Mission hipsters choose Google as their new object of hate

Here we go again. New graffiti on the sidewalk at 18th and Dolores claims nothing short of "Mission Exploitation" by Google employees. A decade ago, the Mission Yuppie Eradication Project posted flyers urging Valencia Street's self-styled "artists" to vandalize luxury cars. Some did. In 2008, most Web 2.0 workers aren't rich enough to draw the righteous anger of their slightly-less-privileged neighbors. Except for Googlers who dare move into the city's youth-culture ghetto between Cesar Chavez and Market.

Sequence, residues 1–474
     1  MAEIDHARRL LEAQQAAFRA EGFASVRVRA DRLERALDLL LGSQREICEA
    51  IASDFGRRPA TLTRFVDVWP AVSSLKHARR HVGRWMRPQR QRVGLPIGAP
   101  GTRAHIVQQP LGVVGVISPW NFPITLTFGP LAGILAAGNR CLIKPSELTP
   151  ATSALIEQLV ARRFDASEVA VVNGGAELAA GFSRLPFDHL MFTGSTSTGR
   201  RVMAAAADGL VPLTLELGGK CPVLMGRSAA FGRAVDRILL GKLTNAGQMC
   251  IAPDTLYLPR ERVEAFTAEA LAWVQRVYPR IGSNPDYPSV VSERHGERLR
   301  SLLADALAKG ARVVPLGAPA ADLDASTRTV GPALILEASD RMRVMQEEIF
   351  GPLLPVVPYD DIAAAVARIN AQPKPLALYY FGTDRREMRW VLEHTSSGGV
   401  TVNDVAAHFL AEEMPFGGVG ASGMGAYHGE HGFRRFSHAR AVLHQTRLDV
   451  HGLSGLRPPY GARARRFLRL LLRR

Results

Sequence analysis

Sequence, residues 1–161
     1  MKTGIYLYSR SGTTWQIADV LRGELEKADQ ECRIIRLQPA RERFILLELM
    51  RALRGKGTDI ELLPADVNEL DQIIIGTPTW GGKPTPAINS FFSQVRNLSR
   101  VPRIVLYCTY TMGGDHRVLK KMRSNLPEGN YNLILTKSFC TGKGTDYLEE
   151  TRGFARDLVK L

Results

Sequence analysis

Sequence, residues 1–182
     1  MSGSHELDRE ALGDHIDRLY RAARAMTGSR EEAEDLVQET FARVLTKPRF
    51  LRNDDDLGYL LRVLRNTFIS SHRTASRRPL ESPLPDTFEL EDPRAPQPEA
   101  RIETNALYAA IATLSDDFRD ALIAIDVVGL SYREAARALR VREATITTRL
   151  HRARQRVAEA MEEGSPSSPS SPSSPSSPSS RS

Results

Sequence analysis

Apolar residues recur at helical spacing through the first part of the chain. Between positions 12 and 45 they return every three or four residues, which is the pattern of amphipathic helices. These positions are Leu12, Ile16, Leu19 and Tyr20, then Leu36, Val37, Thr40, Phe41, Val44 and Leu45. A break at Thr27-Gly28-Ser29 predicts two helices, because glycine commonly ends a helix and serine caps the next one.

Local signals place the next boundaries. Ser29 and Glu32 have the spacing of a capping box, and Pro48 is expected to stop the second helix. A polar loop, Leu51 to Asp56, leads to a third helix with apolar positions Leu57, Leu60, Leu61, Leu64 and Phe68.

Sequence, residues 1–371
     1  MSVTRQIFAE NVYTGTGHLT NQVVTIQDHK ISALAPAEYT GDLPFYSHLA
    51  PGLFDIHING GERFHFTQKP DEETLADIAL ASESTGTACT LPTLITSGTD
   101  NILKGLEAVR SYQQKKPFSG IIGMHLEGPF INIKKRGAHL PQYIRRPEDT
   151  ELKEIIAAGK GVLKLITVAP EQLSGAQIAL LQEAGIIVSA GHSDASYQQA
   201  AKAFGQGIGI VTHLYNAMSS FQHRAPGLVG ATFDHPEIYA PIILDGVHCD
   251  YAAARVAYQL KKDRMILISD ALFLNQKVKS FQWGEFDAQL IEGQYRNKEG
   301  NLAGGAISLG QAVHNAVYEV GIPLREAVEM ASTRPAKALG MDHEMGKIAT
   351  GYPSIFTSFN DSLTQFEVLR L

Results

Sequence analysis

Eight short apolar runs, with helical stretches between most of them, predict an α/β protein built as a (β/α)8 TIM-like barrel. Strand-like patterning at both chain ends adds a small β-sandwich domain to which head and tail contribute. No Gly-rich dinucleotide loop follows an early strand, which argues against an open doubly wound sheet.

The company's unparalleled success sparks rage in the hearts of permalosers who never, ever want to look at anyone whose career is doing better. Somewhere under the sheer jealousy is a legit issue: San Francisco was once a low-rent haven for hippies and a sanctuary for political refugees from all over the world. Dotcom money and disingenuous "live/work" lofts — I signed a contract declaring I was an "artist" to move into one in 2003, enabling the loft's developer to collect $2,700 a month without paying local school taxes — helped drive SF's cost of living higher than much of New York.

But the antiyuppies aren't playing straight, either. Progressive economist Paul Krugman has cited rent control as a major contributor to San Francisco's housing shortage. No one ever quotes him on that. Instead, if Google keeps growing, expect a resurgence in white-on-white carbashings and hatemongering handbills. O cool, grey city of love! (Photo from San Francisco Wiki)